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Southwest Airlines Just Ordered 40 More Boeing 737s

SWA Just Ordered 40 More Boeing 737s

2018 01 08

2018 01 08

Adam Levine-Weinberg, The Motley Fool

For the past several weeks, Southwest Airlines CEO Gary Kelly has been hinting that the recently passed tax reform bill would cause Southwest to order more aircraft. After all, the tax bill permanently lowered the statutory corporate tax rate from 35% to 21%, while providing additional incentives for companies to increase capital spending in the next few years.

Sure enough, Southwest Airlines announced an increase to its Boeing (NYSE: BA) order book on Tuesday. The low-cost airline giant exercised 40 options for Boeing 737 MAX 8 airplanes, with deliveries scheduled in 2019 and 2020.

Not much growth in the old fleet plan

As of late October, Southwest Airlines was scheduled to add 43 aircraft to its fleet in 2018, bringing its fleet count to 750 by year-end. This will offset a decline in the fleet count during 2017 -- driven by the retirement of Southwest's aging fleet of Boeing 737 Classics -- and provide for moderate growth.

By contrast, until placing its recent order, Southwest Airlines was scheduled to receive just 14-15 airplanes a year between 2019 and 2022. This would imply annual fleet growth of about 2%. Even including the impact of having more seats on each plane and operating longer flights, this would have limited Southwest's annual capacity growth to 3% or so after 2018.

Based on its strong profitability -- Southwest Airlines' pre-tax margin has routinely been in the 15%-20% range in recent years -- the carrier clearly can afford to grow faster. Indeed, management sees ample room to expand in the continental U.S., add more international routes, and begin flying to Hawaii within the next few years. To capitalize on these opportunities, Southwest will need to expand its fleet at a faster rate.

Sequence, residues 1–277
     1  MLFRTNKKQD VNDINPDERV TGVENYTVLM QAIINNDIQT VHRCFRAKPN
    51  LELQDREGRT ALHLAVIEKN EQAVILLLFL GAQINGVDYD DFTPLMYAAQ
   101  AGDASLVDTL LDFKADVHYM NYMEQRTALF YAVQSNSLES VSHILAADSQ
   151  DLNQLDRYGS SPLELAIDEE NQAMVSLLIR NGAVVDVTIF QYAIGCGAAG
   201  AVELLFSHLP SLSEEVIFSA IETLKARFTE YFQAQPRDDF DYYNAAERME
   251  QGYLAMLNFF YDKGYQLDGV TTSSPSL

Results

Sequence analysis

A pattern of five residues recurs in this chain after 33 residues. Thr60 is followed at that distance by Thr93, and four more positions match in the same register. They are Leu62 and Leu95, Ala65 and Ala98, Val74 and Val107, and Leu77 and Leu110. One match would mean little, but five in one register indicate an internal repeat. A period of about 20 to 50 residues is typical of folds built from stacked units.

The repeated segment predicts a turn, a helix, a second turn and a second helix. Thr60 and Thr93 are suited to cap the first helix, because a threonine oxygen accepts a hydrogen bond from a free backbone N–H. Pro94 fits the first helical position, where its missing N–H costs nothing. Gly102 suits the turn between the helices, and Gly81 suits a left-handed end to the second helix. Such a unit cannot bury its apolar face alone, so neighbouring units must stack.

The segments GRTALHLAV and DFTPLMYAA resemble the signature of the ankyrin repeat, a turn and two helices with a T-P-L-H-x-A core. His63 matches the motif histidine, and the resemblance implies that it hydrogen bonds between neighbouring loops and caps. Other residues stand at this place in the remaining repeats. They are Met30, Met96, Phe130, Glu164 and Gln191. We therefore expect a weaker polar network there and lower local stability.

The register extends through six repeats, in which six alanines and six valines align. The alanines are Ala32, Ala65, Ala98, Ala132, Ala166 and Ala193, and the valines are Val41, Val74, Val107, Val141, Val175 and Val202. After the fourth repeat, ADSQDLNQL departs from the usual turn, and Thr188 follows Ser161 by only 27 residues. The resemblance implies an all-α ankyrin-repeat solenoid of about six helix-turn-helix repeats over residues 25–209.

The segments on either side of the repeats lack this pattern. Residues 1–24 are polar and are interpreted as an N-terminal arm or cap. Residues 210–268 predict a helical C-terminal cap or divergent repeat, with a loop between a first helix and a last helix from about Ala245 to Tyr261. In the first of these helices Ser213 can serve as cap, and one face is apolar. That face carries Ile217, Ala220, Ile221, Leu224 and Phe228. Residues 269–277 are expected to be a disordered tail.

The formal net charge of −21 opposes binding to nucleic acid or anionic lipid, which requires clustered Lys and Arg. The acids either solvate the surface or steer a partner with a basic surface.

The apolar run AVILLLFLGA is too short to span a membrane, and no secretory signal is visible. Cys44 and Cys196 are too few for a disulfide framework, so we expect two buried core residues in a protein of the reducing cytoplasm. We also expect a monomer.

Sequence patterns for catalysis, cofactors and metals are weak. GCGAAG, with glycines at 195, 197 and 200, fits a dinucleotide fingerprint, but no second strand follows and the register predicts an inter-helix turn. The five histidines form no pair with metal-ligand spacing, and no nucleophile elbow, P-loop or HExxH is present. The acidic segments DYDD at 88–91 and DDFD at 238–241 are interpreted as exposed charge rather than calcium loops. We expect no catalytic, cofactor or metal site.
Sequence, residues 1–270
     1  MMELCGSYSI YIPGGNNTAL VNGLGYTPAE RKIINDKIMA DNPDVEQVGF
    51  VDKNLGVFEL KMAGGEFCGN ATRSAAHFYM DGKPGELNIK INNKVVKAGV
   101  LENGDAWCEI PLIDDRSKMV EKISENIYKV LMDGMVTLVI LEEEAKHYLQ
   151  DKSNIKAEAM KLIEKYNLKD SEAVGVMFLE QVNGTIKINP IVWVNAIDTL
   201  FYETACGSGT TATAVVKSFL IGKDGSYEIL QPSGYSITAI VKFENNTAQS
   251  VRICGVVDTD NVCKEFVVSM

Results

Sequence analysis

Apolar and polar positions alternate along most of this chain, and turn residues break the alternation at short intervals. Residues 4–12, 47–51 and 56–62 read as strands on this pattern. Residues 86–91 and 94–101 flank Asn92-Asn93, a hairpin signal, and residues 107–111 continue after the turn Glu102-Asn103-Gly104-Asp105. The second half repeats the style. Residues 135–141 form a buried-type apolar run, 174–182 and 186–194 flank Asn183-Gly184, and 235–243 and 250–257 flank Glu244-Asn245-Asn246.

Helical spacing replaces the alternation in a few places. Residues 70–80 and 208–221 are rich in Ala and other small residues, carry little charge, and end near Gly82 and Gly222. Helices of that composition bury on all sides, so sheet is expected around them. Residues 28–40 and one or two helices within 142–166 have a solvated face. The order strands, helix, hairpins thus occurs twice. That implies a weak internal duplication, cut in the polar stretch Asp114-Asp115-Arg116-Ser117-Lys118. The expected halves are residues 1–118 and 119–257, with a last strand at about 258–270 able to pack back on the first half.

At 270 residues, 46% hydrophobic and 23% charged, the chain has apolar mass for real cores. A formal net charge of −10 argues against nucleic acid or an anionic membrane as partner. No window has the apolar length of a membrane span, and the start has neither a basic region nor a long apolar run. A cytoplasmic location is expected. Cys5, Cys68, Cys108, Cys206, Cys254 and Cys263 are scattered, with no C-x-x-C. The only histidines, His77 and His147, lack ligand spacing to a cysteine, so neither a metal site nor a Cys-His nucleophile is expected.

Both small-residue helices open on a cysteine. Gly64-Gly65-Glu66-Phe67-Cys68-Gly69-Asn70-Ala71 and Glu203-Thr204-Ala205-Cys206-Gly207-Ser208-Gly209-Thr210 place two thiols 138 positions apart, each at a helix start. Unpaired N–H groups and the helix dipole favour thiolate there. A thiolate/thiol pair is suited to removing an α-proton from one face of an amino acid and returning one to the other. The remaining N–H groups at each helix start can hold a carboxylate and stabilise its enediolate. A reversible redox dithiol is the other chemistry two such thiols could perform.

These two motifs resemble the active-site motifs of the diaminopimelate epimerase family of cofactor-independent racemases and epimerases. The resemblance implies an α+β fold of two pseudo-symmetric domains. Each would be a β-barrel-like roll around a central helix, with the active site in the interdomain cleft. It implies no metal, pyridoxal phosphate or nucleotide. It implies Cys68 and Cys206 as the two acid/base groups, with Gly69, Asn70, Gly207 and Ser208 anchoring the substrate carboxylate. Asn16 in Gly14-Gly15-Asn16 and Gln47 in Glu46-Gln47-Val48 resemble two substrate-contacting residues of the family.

Retooling the order book

Southwest's recent order for 40 737 MAX 8s will enable faster growth for the next few years. The first 15 aircraft from this order will arrive in 2019, with the remaining 25 coming in 2020.

Meanwhile, Southwest Airlines will defer 23 of its 30 orders for the 737 MAX 7 from the 2019-2021 period to 2023 and 2024. This will partially offset the impact of the new order on its near-term growth. However, Boeing probably couldn't have supplied more 737 MAX aircraft during this time frame, given that it had nearly 4,500 unfilled orders for the 737 family as of the end of November and is currently building just 47 per month.

Based on its restructured order book, Southwest Airlines is now set to add 47 aircraft to its fleet in 2019 and 2020 combined. This will boost its average annual fleet growth for that period to a little more than 3%.

Switching most of the orders to the 737 MAX 8 will also contribute to faster growth, as the MAX 8 has 175 seats in Southwest's configuration, compared to 150 seats for the 737 MAX 7. In total, Southwest Airlines is now positioned to increase its capacity at an average annual rate of roughly 5% for the next three years.

 

Starting small -- but there's more to come

Last month, I wrote that the tax reform bill could potentially spur Southwest Airlines to order hundreds more Boeing 737s. The recent order for another 40 737 MAX 8s represents a much more modest commitment on Southwest's part.

That said, while Southwest Airlines needed to move quickly to secure additional delivery slots in 2019 and 2020, it already has 20 737 MAX 8 options for 2021 and 21 737 MAX 8 options for 2022. This gives it the flexibility to wait a year or two before ordering more airplanes. By then, Southwest will know more about the impact of rising oil prices on its profitability and it will be able to confirm that its growth markets are living up to expectations.

Barring an unlikely collapse in its profitability, Southwest Airlines will probably exercise most or all of its Boeing 737 options for the early 2020s in order to maintain a mid-single-digit growth rate. Furthermore, if oil prices continue to trend higher, it may opt to accelerate the retirement of its oldest 737-700s in favor of the vastly more fuel-efficient 737 MAX 8. This could lead Southwest to order lots of additional Boeing 737s in the next few years.

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